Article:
Saturday, December 4

Northern Ireland Office Can Directly Instruct Trusts To Offer Abortion Services | North Ireland

Brandon Lewis could override the Northern Ireland executive and directly instruct the nation’s health trusts to provide abortion services, warning leaders in a leaked letter that continued delay is unacceptable conduct in public office.

The Northern Ireland secretary wrote to Prime Minister Paul Givan and his deputy, Michelle O’Neill, warning them that soon “I would have no choice but to take further action to ensure that women and girls have access to abortion services. as decided by parliament, and to those who have the right ”.

The Guardian understands that the Northern Ireland Office could explore the possibility of working directly with health trusts to implement the abortion provision if Stormont does not take steps to ensure they do so. Lewis warned in his letter that continued failure could leave Stormont in violation of the European convention on human rights.

In a separate letter to Health Minister Robin Swann, Lewis demanded to see a detailed assessment of progress to date and a roadmap to meet the March 2022 deadline. He said NIO officials had been prevented from attending meetings with the department, which he described as “unacceptable.”

Abortion was decriminalized in Northern Ireland in October 2019 after a vote in Westminster led by Labor MP Stella Creasy. But since the Northern Ireland Department of Health has not commissioned or funded any services, some trusts must attempt to provide a service without funding or framework.

Previously, in Northern Ireland, abortions were only allowed if a woman’s life was at risk or if she was at risk of permanent damage to her mental or physical health. In most cases, it meant that women seeking service were forced to make sometimes traumatic trips to England, risking prosecution.

Earlier this year, Lewis said he would take unprecedented steps and use parliament to give himself new powers to commission services. Stormont has been formally ordered to commission the services before the end of March 2022, but there have been few material improvements.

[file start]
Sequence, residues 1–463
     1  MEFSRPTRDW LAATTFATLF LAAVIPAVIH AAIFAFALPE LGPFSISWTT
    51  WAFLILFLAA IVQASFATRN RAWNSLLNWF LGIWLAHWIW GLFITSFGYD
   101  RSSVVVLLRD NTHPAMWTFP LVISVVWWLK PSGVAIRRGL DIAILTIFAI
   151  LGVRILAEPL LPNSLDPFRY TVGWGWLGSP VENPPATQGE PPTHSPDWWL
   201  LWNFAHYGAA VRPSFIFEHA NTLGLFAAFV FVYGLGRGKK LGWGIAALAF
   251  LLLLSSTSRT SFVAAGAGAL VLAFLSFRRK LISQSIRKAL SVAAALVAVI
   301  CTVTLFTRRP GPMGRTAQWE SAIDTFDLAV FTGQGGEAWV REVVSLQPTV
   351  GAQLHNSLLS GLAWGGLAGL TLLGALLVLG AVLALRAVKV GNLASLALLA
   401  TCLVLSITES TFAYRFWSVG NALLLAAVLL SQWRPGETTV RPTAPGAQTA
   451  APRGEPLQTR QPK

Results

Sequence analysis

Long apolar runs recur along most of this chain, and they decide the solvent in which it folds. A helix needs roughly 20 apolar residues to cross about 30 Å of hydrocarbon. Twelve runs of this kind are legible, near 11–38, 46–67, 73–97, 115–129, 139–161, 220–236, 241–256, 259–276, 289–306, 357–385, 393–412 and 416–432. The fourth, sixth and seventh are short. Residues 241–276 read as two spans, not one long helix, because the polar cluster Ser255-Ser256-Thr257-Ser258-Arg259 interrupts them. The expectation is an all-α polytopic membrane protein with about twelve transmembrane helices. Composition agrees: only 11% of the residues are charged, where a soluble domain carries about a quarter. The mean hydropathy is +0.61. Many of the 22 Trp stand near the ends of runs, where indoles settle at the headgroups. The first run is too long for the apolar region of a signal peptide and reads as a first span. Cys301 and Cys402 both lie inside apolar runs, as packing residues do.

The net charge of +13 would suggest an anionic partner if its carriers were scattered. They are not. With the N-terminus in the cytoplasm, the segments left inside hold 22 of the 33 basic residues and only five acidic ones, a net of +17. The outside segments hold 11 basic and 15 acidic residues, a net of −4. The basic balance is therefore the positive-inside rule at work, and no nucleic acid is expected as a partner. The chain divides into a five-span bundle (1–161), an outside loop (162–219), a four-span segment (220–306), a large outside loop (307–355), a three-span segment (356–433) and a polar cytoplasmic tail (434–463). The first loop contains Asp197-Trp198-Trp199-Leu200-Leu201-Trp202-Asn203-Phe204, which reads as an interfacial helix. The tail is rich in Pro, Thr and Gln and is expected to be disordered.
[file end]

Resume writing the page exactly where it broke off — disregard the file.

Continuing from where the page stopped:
A higher court judge ruled this month that Lewis had failed to fulfill his duties to provide full abortion services in Northern Ireland after a woman asked to travel to England for an abortion during the pandemic submitted a judicial review.

Lewis previously said he was disappointed with the ruling, adding that he had been the only party to take action to try to force the executive to provide the services.

In the leaked letter to the Guardian, Lewis warned Givan and O’Neill that he was willing to make an unprecedented new intervention in the Northern Ireland health service, saying it was “completely unacceptable” to try to block a legal duty.

“I strongly believe that there is also a moral duty for women and girls to ensure that their fundamental human rights are guaranteed, the same rights that are granted to women and girls in the rest of the UK,” she wrote.

“The executive cannot continue to delay in this matter and the court could well conclude that a decision not to accept proposals for the commissioning of services violates Article 8 of the ECHR.”

Lewis said he agreed with the judge, who called the delay “discouraging.”

“In fact, I would go further. Those who hold public office must comply with their legal obligations whether or not they are in accordance with the law in question, “he wrote in the letter.

Lewis said that if it became “clear” to me that the Health Department or the executive “were not making enough progress, or had the intention of blocking this problem, I will have no choice but to take further action to ensure that women and girls have access to abortion services as decided by parliament, and to those who are entitled ”.

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